Check out all the performances from this week's Idol
-"When I Was Your Man" (Bruno Mars): Connick commended Candice's decision to sing a song from the perspective of the opposite gender. The rendition was fairly snoozy, if vocally impressive, and Candice may have been better served to choose a more upbeat number. But the judges ate it up, giving Candice the same fawning reception they reserved for Amber last week. Jackson called the performance "amazing," while Carey asserted, "Candice knows how to take any song and has the musicality to change it to suit her, and that is what separates [her] from almost everybody else in this competition." When it was Minaj's turn, she led the judges in a belated standing ovation and complimented Candice for breaking out of the "old-fashioned" box Minaj had cautioned against last week. Grade: B
-"You've Changed": Again, not sure how "current" this number felt, but Candice destroyed the vocal, fluttering from gritty indignation to whispered heartbreak in the blink of an eye. She also earned the evening's second unanimous standing ovation from the judges' table (and an "in it to win it" proclamation from Jackson). Carey said she'd download the song immediately. Grade: A
Have the American Idol judges already decided this year's winner?
-"See You Again" (Carrie Underwood): To borrow a phrase from the judges, Kree took the Idol alum's song and made it her own. The performance felt a little subdued only because Kree remained seated with a guitarist the whole time. Urban said the arrangement felt a little lacking though Kree's vocals were "faultless" per usual. But Minaj, Jackson and Carey had nothing but good things to say - and it would appear that Kree's newest, biggest fan is none other than Harry Connick Jr. himself, who came out on stage afterwards to congratulate her. Grade: B
-"Stormy Weather": Kree not only looked stunning in a partially sheer black floor-length gown, but she also sang the heck out of the oft-covered standard. She's definitely the one remaining contestant in the competition whose voice is instantly recognizable and unique, especially when she hits those higher notes. The judges all loved the performance, but said Kree may have been better served to choose a song that would have allowed her to show off her bluesy side. According to Minaj at the end of the night, song choice was a problem for all the finalists this week, and "it means so much, whether you're going to put someone to sleep or whether you're going to give a memorable performance." Connick defended his new protégé, however. When Jackson suggested that Kree should have gone with the Etta James version of the song rather than Lena Horne's, he and Connick proceeded to get into a shouting match that Seacrest said made the banter between Carey and Minaj seem "benign." Grade: A-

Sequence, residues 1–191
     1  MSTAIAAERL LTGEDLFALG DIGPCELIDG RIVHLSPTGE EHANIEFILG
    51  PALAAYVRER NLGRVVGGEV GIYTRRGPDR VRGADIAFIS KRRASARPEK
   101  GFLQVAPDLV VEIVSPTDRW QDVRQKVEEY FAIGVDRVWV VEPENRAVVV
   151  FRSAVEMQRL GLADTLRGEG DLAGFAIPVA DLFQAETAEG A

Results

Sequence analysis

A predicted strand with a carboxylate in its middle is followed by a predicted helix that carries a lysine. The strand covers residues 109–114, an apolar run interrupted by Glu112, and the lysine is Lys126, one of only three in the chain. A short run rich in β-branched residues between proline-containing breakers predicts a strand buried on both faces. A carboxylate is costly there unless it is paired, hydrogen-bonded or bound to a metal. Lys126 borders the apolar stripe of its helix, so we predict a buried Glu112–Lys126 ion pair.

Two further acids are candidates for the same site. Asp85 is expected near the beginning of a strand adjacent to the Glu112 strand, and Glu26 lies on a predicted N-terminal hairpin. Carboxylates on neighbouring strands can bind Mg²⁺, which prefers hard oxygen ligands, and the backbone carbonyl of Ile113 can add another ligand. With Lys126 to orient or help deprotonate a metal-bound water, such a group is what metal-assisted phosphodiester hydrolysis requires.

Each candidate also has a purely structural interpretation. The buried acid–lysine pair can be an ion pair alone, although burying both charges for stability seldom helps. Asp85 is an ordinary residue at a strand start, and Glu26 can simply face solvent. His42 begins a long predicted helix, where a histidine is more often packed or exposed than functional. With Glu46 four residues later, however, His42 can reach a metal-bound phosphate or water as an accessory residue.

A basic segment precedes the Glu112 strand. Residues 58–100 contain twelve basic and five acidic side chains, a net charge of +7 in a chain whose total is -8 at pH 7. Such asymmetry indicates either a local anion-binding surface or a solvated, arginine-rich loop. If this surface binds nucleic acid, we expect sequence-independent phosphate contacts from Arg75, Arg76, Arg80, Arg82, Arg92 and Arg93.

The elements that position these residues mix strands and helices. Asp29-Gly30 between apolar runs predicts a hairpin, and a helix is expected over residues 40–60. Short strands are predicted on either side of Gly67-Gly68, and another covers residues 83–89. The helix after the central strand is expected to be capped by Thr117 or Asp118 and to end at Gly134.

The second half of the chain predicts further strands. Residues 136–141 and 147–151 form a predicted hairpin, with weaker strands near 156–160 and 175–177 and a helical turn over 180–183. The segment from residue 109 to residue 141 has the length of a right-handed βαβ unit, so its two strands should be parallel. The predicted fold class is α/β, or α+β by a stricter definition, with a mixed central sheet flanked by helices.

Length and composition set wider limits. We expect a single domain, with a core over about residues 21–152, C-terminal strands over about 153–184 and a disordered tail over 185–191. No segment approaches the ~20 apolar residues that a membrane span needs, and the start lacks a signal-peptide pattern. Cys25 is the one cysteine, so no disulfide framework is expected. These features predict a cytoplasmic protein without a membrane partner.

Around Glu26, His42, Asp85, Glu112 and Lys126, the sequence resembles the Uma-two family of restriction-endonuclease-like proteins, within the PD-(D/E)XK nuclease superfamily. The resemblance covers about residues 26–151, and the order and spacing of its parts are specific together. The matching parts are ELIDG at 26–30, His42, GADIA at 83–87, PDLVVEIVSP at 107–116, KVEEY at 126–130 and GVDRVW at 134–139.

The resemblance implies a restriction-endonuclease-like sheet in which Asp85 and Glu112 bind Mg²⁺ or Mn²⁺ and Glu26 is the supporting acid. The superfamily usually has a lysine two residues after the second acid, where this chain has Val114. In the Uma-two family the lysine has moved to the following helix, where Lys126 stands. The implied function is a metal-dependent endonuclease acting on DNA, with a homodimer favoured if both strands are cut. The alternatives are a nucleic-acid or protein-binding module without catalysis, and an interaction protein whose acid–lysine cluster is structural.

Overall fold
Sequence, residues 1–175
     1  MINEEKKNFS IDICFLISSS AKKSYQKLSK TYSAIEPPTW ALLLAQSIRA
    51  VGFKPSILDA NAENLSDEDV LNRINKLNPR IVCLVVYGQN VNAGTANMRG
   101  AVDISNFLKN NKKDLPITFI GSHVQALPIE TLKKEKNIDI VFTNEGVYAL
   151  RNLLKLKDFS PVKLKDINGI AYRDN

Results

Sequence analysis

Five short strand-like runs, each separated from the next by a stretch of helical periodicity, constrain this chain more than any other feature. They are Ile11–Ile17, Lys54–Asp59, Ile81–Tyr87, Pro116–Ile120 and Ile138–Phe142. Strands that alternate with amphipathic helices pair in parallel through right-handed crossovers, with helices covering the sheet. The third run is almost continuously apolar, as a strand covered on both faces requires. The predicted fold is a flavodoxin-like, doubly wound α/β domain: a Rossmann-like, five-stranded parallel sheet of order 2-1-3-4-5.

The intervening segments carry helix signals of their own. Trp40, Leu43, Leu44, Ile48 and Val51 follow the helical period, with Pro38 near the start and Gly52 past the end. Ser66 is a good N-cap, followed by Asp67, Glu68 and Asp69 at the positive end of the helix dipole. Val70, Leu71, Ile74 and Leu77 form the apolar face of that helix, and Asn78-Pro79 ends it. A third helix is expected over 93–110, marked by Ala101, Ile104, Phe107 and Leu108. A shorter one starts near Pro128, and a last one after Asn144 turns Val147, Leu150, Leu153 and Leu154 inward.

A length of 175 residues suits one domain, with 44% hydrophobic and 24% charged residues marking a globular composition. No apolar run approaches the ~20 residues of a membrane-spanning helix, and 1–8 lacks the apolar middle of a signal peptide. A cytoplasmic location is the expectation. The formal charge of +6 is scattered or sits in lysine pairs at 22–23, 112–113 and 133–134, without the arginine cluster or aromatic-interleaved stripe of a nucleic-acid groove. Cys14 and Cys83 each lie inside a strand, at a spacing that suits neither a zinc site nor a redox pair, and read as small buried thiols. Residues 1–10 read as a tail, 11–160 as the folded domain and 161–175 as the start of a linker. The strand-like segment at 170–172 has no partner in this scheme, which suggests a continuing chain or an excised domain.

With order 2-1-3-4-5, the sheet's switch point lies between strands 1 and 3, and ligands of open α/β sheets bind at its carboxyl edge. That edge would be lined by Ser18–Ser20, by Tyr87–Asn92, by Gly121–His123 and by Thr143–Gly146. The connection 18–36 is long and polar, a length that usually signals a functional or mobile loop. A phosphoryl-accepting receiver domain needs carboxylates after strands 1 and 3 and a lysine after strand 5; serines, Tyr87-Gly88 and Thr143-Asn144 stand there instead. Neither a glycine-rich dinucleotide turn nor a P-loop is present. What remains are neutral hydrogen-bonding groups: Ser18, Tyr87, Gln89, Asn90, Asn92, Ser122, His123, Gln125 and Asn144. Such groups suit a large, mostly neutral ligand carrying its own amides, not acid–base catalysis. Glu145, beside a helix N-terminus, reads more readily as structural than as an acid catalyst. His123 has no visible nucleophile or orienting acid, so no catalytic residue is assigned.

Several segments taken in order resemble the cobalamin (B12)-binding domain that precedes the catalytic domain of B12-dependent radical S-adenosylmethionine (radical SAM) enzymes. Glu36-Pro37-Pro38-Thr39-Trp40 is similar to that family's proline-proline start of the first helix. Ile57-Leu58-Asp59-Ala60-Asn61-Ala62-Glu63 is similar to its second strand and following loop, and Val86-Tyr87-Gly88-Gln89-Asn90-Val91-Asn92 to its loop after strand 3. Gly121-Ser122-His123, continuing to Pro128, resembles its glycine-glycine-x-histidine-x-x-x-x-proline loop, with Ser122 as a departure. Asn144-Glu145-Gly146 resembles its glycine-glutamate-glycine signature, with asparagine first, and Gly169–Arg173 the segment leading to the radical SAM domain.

To close out the night, all four of the girls got together for a group performance of "Wings" by X Factor UK winner Little Mix. So the broadcast ended on a high note, and one that left voters with a tough decision. This is the strongest Top 4 the show has seen in years, if not ever. Who are you voting for? Who do you think will be sent home tomorrow? Weigh in below!
American Idol airs Wednesdays and Thursdays at 8/7 on Fox.
View original American Idol: Harry Connick, Jr. Mentors the Final Four at TVGuide.com
Other Links From TVGuide.com American IdolMariah CareyRyan SeacrestHarry Connick Jr.Keith UrbanRandy JacksonNicki MinajAmber HolcombAngie MillerCandice GloverKree HarrisonTV Guide iPhone App TV Listings New Tonight on TV